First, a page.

Behavioral Finance - a Challeng to Emh

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Introduction

Finance is being said to be the domain of the perfect rationale. The rationality then creates an environment called “efficient markets”, where maximization of utility takes place and all actors act in this sense – earn more. The classical rationality argues that economical expectation derives the best forecasts as “price (at any time) fully reflect(s) available information on the market” (Fama, 1970), which is the core assumption in the EMH. However observing the day-to-day market behavior one would find that not all players act in this way and an observation of a longer period of asset price fluctuation makes one believe that there are rare people who act mathematically correct or rational with respect to classical utilitarian definition. A growing field of science, behavioral finance, attempts to explain and predict future irrational (or economically inefficient) behavior. Behavioral sciences are motivated by an argument that business finance, being conducted by people, can also include human irrationality aspects to be holistic. Nevertheless, literature adheres to the classical efficient markets theory and psychological effects are being ignored or seen as an extension to it. However, the ex-post analysis of asset prices shows that more data can be explained through application of behavioral science to modern finance. In course of this paper we are going to deliver an overview over the topic of behavioral finance to give a comprehensive explanation on what implications it makes regarding markets. Thus, in the second chapter we are going to introduce the concepts of efficient markets, anomalies on these markets and the respective paradigm shift. The third chapter given an overview over most common biases the human behavior is subject to. The fourth, conclusive chapter summarizes the paper. (written and edited: K. Klineskiy)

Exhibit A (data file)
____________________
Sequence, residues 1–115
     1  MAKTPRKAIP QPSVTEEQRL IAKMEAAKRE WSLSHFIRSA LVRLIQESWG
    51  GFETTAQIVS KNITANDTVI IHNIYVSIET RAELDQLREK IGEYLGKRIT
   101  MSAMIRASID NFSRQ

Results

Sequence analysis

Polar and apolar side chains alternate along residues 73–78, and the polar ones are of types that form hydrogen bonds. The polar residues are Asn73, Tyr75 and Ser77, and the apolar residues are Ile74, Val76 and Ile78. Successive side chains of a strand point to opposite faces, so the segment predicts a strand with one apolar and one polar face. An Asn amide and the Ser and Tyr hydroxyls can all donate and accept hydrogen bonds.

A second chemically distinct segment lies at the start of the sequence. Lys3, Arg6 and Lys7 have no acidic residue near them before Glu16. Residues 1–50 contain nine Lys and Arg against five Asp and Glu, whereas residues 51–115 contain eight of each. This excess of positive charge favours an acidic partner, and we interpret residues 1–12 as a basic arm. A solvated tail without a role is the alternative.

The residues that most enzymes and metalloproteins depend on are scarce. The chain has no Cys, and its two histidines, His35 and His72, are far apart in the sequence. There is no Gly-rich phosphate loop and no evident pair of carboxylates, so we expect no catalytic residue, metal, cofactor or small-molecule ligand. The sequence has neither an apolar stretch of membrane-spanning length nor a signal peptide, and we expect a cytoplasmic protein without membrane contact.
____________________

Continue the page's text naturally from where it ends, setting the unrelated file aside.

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EMH & Behavioral Finance: A Paradigm Shift

Today’s literature on finance compromises between the theory and the practice and its anomalies. To understand the characteristics of both standpoints, efficient markets hypothesis (further: EMH) and behavioral finance background is going to be provided. In 1970s’ rationality considerations were a major part of academic discussion and prominent articles building on them were published. For instance, Merton (1973) published “An Intertemporal Capital Asset Pricing Model” which recreated the asset

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pricing problem as an equilibrium concept. In 1979 a prominent theory about “consumption betas” was published by Breeden that explained a stock return through its correlation with the market. Nonetheless, in the same time first articles appeared reporting about anomalies on the market, e.g. Fama (1970) “Efficient Capital Markets: A Review of Empirical Work” denoted slight serial dependencies in stock returns. Peper of Fama came to the conclusion that efficient markets work, but the implication that they are not perfectly correct was made. Thereby, modern finance builds on certain central arguments: I. II. III. Portfolio allocation is based upon expected return and underlying risk. Risk-based asset pricing can be derived using return correlation to market risk and return (CAPM). Modigliani and Miller theorem based on agency theory explains contingent claims. These central arguments are based on rational behavior of the investors. While they

revolutionized the understanding of finance and introduced rigorous explanations some observations in practice may give a reason for reconsideration. Example given: while most studies underline the benefits of diversification for risk restriction, many individual investors hold only a very limited number of stocks. The above statements, as argued, explain much, but not all of the behavior of the investors. Hence, anomalies that constitute the gap between actual theory and reality must be analyzed. One of the most discussed anomalies of the modern...
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